Foreign Policy + Feminism = ?

Foreign policy is usually defined in "masculine" terms: arms trade, intervention, war, sanctions, and MAD (mutually-assured destruction). But what would international relations look like if food security, family planning, and workplace equity were also centre pieces of foreign policy? Four women — all with experience in foreign policy — explore possible answers to these questions. Moderated by Eva Salinas, Elmira Bayrasli, Lauren Dobson-Hughes, and Lamia Naji were featured in a public forum held at Ryerson University in April 2018.
IDEAS AFTERNOON

The Paris Riots of 1968, Part 1: A failed revolution that changed the world

Students taking to the streets to protest — it looked like a simple thing, fifty years ago in May 1968. But it proved to be the spark that started a conflagration. Thousands of demonstrators turned into hundreds of thousands, barricades were built, cars were burned. It was a political crisis like no other — and then it evaporated. It's been said that the "revolution" of 1968 failed. But it was a failure that changed the world. Part 1 of a 3-part series.

Nine minutes that changed the world

In 1876, the poet Stéphane Mallarmé published a poem entitled "The Afternoon of a Faun". He doubted anyone could set it to music successfully. But composer Claude Debussy did exactly that. The music runs only about nine minutes long, but it helped give birth to the modern era as we know it.
IDEAS AFTERNOON

Paul Kennedy's profile of Montreal's Little Burgundy

As part of ongoing IDEAS coverage of work-related mobility issues throughout Canada and around the world, Paul Kennedy profiles the Montreal neighbourhood of "Little Burgundy". For much of the 20th century, this vibrant, overwhelmingly black community was home to many of the railroad porters who worked on coast-to-coast trains for both Canadian National and Canadian Pacific. By definition, their job description required them to be "away from home" for two weeks at a time.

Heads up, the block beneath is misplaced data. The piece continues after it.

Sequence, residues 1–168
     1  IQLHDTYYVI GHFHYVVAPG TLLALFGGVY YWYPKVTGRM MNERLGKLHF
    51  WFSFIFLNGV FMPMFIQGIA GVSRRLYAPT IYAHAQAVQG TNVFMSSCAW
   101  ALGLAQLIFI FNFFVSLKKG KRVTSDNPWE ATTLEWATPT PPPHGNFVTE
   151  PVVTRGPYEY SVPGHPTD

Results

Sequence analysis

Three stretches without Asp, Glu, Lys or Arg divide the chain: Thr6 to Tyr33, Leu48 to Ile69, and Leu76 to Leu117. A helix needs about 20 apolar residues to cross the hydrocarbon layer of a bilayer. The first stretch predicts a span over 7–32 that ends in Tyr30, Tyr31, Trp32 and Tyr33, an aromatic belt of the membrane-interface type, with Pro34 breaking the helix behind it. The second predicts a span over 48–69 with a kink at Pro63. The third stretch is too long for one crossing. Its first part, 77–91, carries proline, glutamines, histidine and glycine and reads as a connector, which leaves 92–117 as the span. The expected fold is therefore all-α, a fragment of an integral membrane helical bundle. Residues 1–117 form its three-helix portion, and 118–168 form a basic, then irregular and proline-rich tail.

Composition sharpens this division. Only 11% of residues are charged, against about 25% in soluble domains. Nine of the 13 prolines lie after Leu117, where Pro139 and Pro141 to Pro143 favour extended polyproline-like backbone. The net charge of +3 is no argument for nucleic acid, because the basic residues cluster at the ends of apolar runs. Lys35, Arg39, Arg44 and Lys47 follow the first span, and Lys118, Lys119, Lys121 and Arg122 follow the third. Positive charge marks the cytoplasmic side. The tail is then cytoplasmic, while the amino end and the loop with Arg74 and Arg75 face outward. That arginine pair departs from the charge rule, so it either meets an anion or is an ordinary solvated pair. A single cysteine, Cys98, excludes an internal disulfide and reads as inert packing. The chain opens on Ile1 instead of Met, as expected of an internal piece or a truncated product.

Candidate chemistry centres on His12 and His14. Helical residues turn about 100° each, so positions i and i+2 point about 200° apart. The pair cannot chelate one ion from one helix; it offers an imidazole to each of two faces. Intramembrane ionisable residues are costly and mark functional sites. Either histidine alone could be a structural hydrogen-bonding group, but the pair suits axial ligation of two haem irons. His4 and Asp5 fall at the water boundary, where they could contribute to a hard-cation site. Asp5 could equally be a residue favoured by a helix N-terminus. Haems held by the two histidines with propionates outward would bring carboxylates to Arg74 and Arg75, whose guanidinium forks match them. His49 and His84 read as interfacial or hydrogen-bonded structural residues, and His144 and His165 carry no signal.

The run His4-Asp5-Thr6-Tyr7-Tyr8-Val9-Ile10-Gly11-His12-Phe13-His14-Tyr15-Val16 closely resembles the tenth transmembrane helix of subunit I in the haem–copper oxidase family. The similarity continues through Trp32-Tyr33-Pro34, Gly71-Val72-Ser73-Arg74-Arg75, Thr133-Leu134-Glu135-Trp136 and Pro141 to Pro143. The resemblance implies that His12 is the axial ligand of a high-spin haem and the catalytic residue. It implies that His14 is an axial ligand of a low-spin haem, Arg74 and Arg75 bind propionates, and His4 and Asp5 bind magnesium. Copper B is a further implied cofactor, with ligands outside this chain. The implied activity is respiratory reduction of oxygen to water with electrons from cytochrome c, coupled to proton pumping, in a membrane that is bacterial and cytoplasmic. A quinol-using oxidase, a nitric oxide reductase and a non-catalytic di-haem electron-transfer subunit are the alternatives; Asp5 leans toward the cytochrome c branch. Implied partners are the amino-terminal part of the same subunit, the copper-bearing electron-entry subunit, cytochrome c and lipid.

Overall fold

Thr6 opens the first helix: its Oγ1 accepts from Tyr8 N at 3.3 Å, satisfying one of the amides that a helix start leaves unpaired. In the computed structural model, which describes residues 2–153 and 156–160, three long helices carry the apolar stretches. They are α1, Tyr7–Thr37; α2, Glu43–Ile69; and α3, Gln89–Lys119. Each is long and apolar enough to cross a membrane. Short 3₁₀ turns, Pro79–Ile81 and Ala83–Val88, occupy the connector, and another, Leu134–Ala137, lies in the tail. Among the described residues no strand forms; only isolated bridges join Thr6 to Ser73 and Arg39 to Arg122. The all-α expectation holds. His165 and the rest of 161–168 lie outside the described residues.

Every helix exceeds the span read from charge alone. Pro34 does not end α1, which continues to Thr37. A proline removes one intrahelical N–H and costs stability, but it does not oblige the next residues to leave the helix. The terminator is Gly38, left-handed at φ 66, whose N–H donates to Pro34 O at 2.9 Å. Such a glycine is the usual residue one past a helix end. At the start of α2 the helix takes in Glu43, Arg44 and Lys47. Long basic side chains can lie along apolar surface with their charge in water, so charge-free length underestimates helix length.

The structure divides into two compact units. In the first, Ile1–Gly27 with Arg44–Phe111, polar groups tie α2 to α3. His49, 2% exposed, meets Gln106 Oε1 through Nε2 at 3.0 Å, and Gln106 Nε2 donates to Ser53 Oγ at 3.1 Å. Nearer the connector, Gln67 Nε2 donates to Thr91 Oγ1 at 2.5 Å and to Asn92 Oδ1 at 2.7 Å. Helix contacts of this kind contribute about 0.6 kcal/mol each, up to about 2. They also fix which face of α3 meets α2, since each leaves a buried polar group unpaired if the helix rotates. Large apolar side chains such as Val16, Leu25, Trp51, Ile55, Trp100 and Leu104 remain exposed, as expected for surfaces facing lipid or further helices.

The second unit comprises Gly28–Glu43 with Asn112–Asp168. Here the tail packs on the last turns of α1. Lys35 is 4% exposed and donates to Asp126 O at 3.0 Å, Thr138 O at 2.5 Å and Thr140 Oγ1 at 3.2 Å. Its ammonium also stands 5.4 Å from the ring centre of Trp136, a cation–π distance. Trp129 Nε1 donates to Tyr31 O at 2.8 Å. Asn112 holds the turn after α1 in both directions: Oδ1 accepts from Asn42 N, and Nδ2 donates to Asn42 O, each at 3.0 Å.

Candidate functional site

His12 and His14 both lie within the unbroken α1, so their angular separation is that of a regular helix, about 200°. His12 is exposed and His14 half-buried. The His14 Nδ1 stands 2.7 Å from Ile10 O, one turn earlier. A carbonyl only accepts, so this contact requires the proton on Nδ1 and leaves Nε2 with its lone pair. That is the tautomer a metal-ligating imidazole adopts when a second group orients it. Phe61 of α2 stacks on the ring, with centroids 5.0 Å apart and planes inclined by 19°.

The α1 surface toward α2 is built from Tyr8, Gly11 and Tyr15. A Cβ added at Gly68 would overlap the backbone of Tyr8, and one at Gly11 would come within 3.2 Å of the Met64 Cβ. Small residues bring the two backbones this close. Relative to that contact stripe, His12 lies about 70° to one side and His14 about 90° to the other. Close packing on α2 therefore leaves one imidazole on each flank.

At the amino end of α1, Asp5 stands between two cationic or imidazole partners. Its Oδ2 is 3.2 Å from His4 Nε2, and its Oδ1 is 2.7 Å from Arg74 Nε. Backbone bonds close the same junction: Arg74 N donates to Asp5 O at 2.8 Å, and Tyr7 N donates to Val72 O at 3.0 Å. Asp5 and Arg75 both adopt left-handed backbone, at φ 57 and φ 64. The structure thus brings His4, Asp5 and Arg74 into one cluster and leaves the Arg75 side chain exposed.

The Paris Riots of 1968, Part 3: A failed revolution that changed the world

Students taking to the streets to protest — it looked like a simple thing, fifty years ago in May 1968. But it proved to be the spark that started a conflagration. Thousands of demonstrators turned into hundreds of thousands, barricades were built, cars were burned. Then the workers joined in, and by the middle of May 1968, most of France was on strike. It was a political crisis like no other — and then it evaporated. It's been said that the "revolution" of 1968 failed - but it was a failure that changed the world. Philip Coulter went to Paris to talk to some of the people who were there in May 1968.
IDEAS AFTERNOON

The Restaurant: A Table Divided

There's a lot more happening at a restaurant than simply ordering from a menu and getting your food. Restaurants are sites of self-expression — spaces in which status and distinction are performed and lines between class, race, and gender are reflected and reinforced. Contributing producers Michelle Macklem and Zoe Tennant explore how we've gone from dining in to dining out, and what dining out reveals about our identities.
IDEAS AFTERNOON

The Paris Riots of 1968, Part 1: A failed revolution that changed the world

Students taking to the streets to protest — it looked like a simple thing, fifty years ago in May 1968. But it proved to be the spark that started a conflagration. Thousands of demonstrators turned into hundreds of thousands, barricades were built, cars were burned. It was a political crisis like no other — and then it evaporated. It's been said that the "revolution" of 1968 failed. But it was a failure that changed the world. Part 1 of a 3-part series.

This former magician uses the power of suggestions to help heal real-life disorders

As a professional magician, Jay Olson mastered the art of illusion, deception and the power of suggestion. Now, as a PhD student in psychiatry at McGill University, he hopes the skills he's used to entertain people can also be used to heal them.
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How Martin Luther invented the modern world

It has been 500 years since Martin Luther supposedly nailed his 95 theses to the door of the Castle Church in Wittenberg, Germany. There's no proof he ever did that -- and it may not matter. We're still living in the aftershocks of the religious, political and social revolution that he began.